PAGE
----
Northern Rock's Bank of England bailout 'should have been secret'
An agreement to bail out Northern Rock which triggered a run on the bank should have been kept secret, the country's then top banker claims.
The following day thousands of Northern Rock customers led the first run on a British bank since 1866.
Mervyn King, then governor of the Bank of England, said he advised the deal be kept secret to prevent panic.
He told BBC Inside Out, North East & Cumbria: "My advice was very clear - we should not reveal publicly the fact we were going to lend to Northern Rock."
A Northern Rock insider told the programme the bank wanted to keep the liquidity support facility secret but was told it was "illegal".
The then governor - now Baron King of Lothbury - disagreed. He said: "Northern Rock and the Financial Services Authority (FSA) all felt it would be a good idea to reveal it.
"The advice of the lawyers and FSA was [keeping the deal secret] was against a European directive.
"Actually, none of my colleagues in Europe believed that for a minute."
The FSA's former head, Sir Hector Sants, said it would be "inappropriate" for him to comment.
The following year, the Bank of England did make secret loans worth £61.2bn to RBS and HBOS.
The news of the Northern Rock loan was broken by Robert Peston, then the BBC's business editor on the News at Ten.
The revelation caused many customers to try to withdraw their money and a there was a 30% drop in the value of Northern Rock shares.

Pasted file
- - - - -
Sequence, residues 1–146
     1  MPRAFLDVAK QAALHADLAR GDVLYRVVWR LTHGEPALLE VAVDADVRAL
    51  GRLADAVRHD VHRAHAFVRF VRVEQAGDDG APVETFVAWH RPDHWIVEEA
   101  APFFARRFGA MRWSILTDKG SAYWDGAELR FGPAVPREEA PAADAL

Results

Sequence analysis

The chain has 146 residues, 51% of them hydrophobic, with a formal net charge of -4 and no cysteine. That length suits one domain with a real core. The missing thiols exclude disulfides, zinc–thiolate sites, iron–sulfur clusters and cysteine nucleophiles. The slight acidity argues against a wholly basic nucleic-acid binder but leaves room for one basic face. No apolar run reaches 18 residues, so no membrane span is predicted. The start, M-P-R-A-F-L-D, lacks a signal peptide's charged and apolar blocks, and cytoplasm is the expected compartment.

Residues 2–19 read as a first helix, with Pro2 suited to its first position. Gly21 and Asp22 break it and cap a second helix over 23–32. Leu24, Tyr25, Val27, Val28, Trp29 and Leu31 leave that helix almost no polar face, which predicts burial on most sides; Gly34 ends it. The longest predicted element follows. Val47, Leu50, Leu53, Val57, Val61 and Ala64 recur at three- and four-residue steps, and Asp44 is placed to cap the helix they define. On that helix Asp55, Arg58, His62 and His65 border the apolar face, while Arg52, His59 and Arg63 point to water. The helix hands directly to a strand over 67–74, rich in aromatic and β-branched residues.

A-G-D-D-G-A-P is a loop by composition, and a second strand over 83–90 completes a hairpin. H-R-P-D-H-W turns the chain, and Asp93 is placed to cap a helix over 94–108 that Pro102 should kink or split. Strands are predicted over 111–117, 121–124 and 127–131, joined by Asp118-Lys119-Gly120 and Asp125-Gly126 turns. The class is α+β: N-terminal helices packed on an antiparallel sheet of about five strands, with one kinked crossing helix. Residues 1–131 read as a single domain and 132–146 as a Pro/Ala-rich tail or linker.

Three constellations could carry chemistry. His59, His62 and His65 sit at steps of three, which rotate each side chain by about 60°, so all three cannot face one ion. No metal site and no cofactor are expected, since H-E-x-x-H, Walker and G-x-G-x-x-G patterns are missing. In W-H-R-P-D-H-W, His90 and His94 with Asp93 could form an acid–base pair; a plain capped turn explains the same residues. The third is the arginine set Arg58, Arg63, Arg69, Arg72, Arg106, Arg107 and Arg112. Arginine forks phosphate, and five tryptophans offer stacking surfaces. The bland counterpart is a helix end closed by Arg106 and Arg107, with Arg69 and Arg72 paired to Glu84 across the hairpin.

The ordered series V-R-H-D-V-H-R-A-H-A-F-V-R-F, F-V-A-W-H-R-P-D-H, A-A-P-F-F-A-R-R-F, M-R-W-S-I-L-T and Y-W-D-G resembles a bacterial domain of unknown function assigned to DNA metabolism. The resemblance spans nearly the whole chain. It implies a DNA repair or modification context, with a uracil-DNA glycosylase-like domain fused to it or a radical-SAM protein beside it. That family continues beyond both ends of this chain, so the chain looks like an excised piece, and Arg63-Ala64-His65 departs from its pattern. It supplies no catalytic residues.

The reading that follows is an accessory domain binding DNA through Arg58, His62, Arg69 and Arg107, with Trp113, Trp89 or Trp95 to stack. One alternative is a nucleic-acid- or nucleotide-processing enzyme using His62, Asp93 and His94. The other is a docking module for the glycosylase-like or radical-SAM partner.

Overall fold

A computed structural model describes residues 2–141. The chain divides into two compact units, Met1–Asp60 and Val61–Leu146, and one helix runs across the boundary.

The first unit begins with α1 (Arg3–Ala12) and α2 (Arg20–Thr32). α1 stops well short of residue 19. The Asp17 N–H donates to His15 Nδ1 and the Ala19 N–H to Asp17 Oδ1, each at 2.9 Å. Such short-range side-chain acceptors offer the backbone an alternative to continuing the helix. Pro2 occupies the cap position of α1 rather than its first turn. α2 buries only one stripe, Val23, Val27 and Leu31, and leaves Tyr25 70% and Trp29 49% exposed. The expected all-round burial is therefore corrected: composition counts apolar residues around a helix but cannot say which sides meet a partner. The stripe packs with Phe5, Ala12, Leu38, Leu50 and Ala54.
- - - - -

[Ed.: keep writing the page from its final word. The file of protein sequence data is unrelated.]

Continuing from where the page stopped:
Many staff and customers lost thousands of pounds worth of shares in the bank in the ensuing fall and subsequent nationalisation.
Northern Rock was taken over by the government in January 2008 before eventually being sold to Virgin money four years later.
Mr Peston, who is now political editor of ITV News, said: "Under the rules, the moment Northern Rock requests emergency help from the Bank of England in that way it has failed.
"That is an event.
"If I had not reported that event I would have been guilty of playing God in an incredibly patronising way.
"I'd have been effectively saying that adults were not capable of understanding the significant information and that would have been an appalling thing for any journalist to do."
Lord King said Mr Peston reported the story in a "very responsible way" and could not be blamed for the consequences.
He also said he would have wanted a "fair deal" for Northern Rock shareholders, which would have seen them get the "residual value" of the shares when the government took over.
Instead, they received nothing as the government concluded the bank was not a going concern, a view upheld by the High Court.
Campaigners are now mounting a new challenge for compensation.
Watch the full story on Inside Out, North East & Cumbria on Monday 11 September on BBC One at 19:30.